Beirut, 4 November 2010

The Arab Forum for Environment and Development (AFED) presented its latest documentary The Last Drop, at the opening session of AFED’s third annual conference at Habtoor Grand Hotel in Beirut.

The Last Drop takes viewers on an interesting 12 minute tour around different Arab countries, located in the world’s driest region and known to have the poorest fresh water supplies. It shows how Arab countries are increasingly vulnerable to disastrous impacts of climate change, mainly due to fast population growth, increasing demand on water and lack of sustainable water management strategies. It also highlights the decline of annual per capita availability in the Arab world to one-quarter today, compared to 1960 levels.

Najib Saab, AFED’s Secretary General, warns that the Arab World will be facing thirst and hunger, unless rapid and effective measures are taken to address the water scarcity dilemma. He points out that “13 Arab countries are among the world’s 19 most water-scarce nations, and the only countries in the region that will pass the water scarcity test in 2025, at above 1,000 cubic meters per capita, will be Iraq and Sudan.”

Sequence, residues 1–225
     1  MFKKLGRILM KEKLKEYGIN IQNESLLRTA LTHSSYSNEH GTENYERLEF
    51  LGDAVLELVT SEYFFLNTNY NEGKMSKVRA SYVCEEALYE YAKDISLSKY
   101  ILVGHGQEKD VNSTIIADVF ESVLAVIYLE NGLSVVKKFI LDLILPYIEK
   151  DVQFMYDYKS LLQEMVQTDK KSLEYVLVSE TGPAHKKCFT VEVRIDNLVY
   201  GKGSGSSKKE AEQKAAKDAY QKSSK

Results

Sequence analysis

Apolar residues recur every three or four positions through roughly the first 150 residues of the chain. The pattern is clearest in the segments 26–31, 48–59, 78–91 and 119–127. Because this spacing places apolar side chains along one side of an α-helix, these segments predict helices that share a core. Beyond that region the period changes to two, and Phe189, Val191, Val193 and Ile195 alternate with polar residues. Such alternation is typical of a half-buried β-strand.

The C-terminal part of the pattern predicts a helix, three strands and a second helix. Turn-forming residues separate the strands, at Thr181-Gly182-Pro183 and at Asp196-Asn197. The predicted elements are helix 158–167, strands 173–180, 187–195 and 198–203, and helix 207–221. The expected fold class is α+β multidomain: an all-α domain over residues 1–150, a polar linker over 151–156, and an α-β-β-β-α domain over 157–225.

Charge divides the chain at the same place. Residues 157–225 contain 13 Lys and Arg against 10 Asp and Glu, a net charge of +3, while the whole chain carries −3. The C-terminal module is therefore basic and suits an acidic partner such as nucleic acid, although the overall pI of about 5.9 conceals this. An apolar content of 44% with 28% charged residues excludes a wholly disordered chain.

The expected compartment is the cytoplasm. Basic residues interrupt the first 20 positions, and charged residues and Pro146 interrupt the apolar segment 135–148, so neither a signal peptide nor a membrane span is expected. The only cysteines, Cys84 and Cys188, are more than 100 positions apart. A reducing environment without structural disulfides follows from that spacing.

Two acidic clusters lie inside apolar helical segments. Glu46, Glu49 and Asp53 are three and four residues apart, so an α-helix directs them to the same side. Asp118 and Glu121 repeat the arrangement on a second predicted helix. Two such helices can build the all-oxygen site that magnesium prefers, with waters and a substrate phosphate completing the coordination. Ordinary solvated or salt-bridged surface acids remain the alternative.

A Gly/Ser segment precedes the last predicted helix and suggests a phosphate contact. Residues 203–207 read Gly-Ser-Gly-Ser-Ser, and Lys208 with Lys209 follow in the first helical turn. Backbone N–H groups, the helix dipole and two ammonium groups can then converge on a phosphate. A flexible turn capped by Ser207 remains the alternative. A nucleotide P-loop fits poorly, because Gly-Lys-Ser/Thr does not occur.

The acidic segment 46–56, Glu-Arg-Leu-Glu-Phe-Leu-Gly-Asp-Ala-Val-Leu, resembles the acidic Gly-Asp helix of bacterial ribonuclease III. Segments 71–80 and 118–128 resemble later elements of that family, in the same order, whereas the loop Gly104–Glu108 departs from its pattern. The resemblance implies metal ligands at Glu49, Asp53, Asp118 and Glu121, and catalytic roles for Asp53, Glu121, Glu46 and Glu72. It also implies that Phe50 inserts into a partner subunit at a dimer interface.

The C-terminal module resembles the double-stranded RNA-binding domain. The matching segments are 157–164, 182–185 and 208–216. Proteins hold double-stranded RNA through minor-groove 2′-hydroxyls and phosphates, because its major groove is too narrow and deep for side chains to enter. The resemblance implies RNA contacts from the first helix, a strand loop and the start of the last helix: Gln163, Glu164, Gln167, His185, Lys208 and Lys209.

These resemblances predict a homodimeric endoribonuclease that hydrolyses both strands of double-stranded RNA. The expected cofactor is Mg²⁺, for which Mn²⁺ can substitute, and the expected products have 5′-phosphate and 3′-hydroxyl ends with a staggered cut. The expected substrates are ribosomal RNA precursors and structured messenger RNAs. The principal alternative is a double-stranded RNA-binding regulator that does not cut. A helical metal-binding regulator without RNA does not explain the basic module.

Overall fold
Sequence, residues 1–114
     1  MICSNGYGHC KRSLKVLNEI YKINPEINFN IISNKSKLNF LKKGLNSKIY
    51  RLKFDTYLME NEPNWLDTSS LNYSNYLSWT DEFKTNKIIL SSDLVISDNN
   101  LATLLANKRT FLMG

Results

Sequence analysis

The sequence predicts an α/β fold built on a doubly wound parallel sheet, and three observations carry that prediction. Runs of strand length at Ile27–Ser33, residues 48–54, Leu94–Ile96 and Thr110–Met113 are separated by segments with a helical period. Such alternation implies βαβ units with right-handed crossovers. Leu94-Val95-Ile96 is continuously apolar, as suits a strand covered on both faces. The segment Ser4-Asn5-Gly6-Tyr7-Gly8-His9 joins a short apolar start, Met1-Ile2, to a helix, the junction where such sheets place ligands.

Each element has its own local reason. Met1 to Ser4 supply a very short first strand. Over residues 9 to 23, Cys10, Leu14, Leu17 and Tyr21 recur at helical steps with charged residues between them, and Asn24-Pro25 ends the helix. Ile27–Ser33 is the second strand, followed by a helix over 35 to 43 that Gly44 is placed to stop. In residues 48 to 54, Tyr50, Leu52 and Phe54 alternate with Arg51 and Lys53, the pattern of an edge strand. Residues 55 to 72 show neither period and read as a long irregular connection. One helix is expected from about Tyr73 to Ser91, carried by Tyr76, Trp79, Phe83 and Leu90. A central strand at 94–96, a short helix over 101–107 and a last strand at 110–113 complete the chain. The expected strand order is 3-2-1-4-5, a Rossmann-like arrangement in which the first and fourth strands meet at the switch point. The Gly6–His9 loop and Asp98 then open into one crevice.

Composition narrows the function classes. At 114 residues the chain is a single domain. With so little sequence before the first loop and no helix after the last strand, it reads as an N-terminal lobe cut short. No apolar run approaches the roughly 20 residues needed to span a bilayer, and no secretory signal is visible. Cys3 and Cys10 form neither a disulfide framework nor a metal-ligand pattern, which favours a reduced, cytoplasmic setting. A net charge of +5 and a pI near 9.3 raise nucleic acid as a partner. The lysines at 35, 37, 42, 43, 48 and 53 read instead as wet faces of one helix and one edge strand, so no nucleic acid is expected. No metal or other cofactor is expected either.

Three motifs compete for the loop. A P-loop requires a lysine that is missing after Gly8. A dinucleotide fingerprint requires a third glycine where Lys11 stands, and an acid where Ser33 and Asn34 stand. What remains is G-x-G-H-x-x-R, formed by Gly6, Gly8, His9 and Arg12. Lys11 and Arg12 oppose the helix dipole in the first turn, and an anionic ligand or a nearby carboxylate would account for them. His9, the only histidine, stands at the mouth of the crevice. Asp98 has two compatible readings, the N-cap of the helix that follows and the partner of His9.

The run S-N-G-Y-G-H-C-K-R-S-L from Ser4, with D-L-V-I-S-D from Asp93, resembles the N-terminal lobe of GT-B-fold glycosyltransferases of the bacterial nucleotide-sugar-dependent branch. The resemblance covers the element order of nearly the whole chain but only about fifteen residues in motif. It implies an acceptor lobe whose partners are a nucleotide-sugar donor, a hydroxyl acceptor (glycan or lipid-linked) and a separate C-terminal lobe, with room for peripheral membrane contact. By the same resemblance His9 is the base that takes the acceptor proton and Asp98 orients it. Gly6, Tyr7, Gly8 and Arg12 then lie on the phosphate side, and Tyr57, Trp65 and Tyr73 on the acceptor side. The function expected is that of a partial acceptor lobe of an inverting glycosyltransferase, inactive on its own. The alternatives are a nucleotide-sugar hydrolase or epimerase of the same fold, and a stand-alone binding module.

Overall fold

Mahmoud Abu Zeid, President of the Arab Water Council, notes the Arab region covers 5% of the world area, while it is endowed with no more than 1% of fresh water. The documentary also features the following prominent speakers: Ayman Abou Hadid, Director of Central Laboratory for Agricultural Climate in Cairo, Hammou Laamrani, Project Coordinator of Regional Water Demand Initiative at IDRC, and AUB professors Musa Nimah and Hamed Assaf. They discuss water re-use, demand management, virtual water and the impact of climate change.

Saab concludes by urging governments to take action and implement sustainable water management policies, as Arabs cannot afford wasting a single drop of water anymore.

The Last Drop is produced by AFED in cooperation with Future TV, and is the third AFED documentary after Arab Environment: Testimony of an Old Man in 2008 and Wet and Dry in 2009.

Available with English subtitles, the documentary will be broadcast on regional television networks and used as educational material at schools.

The documentary is available at AFED website: